Mattilda Bernstein Sycamore ‘s The End of San Francisco; a Review


end of san franciscoPublished by San Francisco’s iconic City Lights and winner of a Lambda Award for Transgender Non-Fiction in 2014, The End of San Francisco is first-rate Resistance Literature.

 Mattilda Bernstein Sycamore refuses to separate the personal and political, capturing the creation (and in some cases disintegration) of radical communities in a way that will be familiar to those who were there and enlightening to those who weren’t.

At breakneck speed, the stream-of-consciousness narrative tears through a decade of personal discovery and anti-assimilation activism. It examines the intersection between pain and activism, the broken child and fearless agitator, while struggling as we all do with the desire for trust and intimacy in the communities we’ve built outside the prevailing culture.

Mattilda's critique of the mainstream LGBT movement cannot be ignored and this unmistakable, unrepentantly unique voice is one that should be amplified.

[For more trans voices, check out The Reading List]


Okay is the New Great; What to Say to Grieving People


Sorella di Ira How Are You? – the king of all dreaded questions for greiving people. .

You ask how I am and I say Okay and you furrow your brow and ask, What's wrong? And I know you don't really want to know that I have struggled for six years to get to this honest Okay and for me,  Okay is fucking fantastic.

One of my co-workers lost her husband this week after 38 years together. I cannot begin to fathom the monumental loss she's experiencing right now. The condolence cards make the rounds, finally landing on my desk this morning. Both cards are chock full of stock sympathies because nobody knows what to say to grieving people.

Even other bereaved people.

Some of the well-wishers have mentioned her husband by name. That's always nice. There's a lot of sorry for your loss and in my prayers. One truly thoughtful bit comes from an unexpected source, reminding me that we only ever see the surface of nearly everyone we meet.

I stare at one of the few blank spaces for a long while before I write the following:

It's okay to not be okay for as long as you need to.

What I want to write is that I know it feels like you can't survive this separation. You can. You are going to carry the grief with you wherever you go for the rest of your life, but it will feel lighter as you get stronger. After a profound loss, we don't have to strive for Great.

Some of us are just working to be Okay. 

The Vagina Doctor


vagina doctorI have a long-overdue date with the vagina doctor today. I've been ducking Kaiser's reminders for so long that they finally scheduled the check-up for me without my consent. 

"You're OBGYN appointment with Dr. Pappy Schmear is at 9:30 am on January 28th. If you must reschedule this appointment, please call (yada yada yada)"

It's smart on their part. I mean, the do-nothing part of me that didn't bother to schedule the appointment in the first place is most likely going to do nothing about rescheduling and therefore also likely to show up at 9:30 on January 28th for the scheduled vagina inspection.

Oh come on, what else can you honestly call it? 

She probably doesn't need much work, but I thought I'd check. Honestly,  I hardly ever take her out anymore. Maybe a Sunday drive here or there, but ...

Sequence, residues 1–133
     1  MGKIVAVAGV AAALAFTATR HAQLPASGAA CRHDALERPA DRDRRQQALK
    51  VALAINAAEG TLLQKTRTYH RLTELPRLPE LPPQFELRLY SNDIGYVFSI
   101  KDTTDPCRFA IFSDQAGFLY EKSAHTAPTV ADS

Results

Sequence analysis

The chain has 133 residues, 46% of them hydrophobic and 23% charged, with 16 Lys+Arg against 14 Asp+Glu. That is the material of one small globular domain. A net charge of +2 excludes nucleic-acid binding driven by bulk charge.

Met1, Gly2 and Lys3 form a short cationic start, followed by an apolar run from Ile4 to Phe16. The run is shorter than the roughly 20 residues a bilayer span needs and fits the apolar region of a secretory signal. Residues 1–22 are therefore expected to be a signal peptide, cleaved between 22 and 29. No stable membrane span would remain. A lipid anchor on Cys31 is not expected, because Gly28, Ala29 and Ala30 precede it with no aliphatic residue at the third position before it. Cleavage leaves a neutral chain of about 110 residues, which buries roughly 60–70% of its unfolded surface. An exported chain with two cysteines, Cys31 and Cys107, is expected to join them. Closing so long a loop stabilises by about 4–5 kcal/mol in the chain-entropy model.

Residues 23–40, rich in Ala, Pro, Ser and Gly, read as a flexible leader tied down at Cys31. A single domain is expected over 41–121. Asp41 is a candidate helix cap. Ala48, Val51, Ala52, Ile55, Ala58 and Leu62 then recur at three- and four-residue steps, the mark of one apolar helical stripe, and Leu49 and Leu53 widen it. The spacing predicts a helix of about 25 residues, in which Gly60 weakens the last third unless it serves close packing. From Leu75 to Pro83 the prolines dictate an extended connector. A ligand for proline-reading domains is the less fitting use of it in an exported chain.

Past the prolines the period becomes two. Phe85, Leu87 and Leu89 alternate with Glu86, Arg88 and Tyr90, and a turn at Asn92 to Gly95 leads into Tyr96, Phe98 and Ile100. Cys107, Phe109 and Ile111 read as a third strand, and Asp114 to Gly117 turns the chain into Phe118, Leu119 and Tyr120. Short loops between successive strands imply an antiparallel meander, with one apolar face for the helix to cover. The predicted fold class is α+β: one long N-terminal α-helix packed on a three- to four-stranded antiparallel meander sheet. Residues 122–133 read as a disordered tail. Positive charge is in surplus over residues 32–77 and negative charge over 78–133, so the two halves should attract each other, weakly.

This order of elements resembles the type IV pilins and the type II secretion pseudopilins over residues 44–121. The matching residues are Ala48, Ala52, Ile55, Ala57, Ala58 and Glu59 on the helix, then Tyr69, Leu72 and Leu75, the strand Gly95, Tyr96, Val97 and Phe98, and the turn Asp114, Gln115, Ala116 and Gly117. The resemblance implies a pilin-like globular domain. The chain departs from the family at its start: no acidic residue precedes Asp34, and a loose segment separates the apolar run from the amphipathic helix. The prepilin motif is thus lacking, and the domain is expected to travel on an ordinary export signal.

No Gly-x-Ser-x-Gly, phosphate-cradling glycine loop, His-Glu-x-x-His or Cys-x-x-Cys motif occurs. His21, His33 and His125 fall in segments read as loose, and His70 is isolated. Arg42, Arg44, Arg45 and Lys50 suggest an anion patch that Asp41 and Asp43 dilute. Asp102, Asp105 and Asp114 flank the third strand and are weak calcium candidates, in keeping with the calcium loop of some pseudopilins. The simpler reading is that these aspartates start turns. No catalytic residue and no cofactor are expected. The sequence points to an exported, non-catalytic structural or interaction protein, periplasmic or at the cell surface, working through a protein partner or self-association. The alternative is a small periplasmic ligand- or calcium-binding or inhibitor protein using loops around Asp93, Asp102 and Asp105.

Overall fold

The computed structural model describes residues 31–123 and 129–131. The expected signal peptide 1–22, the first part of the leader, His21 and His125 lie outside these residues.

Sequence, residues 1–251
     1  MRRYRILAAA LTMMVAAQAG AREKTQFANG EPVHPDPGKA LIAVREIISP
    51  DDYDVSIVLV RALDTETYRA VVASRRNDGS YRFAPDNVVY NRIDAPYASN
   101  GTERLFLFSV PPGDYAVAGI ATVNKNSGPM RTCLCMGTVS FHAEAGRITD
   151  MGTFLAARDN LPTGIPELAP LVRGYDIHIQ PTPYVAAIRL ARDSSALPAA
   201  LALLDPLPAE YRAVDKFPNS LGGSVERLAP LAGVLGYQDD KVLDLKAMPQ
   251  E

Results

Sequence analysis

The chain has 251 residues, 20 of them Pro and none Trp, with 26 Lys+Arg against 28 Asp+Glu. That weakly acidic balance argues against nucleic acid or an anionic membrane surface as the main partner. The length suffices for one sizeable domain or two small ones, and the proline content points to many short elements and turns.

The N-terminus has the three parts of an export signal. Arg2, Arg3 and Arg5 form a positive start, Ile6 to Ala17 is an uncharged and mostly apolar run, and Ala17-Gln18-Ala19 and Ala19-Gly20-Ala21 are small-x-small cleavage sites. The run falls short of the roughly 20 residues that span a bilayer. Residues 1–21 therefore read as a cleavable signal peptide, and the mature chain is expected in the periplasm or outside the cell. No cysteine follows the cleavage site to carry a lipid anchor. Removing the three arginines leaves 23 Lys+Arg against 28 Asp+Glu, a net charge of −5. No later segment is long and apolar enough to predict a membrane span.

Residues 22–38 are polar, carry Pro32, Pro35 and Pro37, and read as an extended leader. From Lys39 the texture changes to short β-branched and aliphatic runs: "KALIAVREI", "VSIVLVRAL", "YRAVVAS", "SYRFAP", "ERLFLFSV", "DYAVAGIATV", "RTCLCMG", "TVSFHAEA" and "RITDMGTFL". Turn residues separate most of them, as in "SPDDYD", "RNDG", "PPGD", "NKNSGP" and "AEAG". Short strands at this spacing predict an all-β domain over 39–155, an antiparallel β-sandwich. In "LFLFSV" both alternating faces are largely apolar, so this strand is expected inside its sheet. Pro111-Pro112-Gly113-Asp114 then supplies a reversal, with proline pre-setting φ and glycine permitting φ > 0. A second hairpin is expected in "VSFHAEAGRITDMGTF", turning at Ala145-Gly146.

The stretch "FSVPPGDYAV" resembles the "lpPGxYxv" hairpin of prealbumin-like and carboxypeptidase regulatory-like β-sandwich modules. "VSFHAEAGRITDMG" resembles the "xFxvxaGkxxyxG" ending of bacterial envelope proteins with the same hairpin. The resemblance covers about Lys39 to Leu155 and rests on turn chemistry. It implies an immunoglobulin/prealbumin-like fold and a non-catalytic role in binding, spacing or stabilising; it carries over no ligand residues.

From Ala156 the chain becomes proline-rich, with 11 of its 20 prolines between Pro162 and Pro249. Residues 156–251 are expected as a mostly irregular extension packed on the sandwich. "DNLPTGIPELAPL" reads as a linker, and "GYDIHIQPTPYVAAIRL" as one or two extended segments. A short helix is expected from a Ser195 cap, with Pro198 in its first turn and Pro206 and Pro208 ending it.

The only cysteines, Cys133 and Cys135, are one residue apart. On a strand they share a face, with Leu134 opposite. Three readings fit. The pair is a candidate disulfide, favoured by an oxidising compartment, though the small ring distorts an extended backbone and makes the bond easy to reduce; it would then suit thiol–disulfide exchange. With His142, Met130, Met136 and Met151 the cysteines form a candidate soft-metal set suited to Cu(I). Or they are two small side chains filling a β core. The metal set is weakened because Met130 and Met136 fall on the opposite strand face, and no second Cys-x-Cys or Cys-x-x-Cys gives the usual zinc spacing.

Ever since I was old enough to be in charge of my own doctoring, I've insisted on a female vagina doctor. Maybe Kaiser knew that. Maybe I just got lucky, but hey, thanks guys, for hooking me up with a lady doc for my lady parts.With the exception of Mindy Kaling's Danny Castellano, I've never quite trusted a man who chooses girlie bits as his professional specialty. A vagina doctor should have a vagina. Period.

Oh yes, periods. We should talk about that. What the hell is going on with all that? I'm suddenly as irregular as one of those $3 t-shirts in the bin at the grocery store.

 All this Bajingo talk makes The Mr. uncomfortable. Really, he's such a prude. But before he left for work this morning, he elbowed me awake, looking concerned.

You're just going to the doctor today because it's time, not because they think something;s wrong, right? he asks.

I'm going because it's 12 years past time. Nobody thinks there's anything wrong, but then again this is the doctor who would know that, so… and I suddenly feel the weight of just how irresponsible I've been. Twelve years between checkups is ridiculous.

If you own a vagina, don't be stupid like Jules.

Go see the vagina doctor when you're supposed to.

There's really only one thing I still can't figure out. What the hell am I supposed to wear? Comfey clothes? Something professional? A skirt with no panties? Ladies, help me out. Time is ticking.

Note: The writing of this post was soundtracked by Tori Amos because – vaginas.


The Times They Are A-Changin’; Tales From Up Front


Up FrontSuper Receptionist just got scooped up by another department. I guess that makes her Ex-Super Receptionist or Super Ex-Receptionist. Either way, this is good news for her and for the Receptionist TBA. In the meantime, however, I am holding down the fort and/or holding court Up Front.

I've got  Keaton Heston, Norah Jones and Nick Drake wafting through the speakers and a fully stocked candy jar. For myself, there's an icy Cherry Water in an insulated cup and Maria Balinska's The Bagel: The Surprising History of a Modest Bread on my Kindle.

We're gonna be just fine.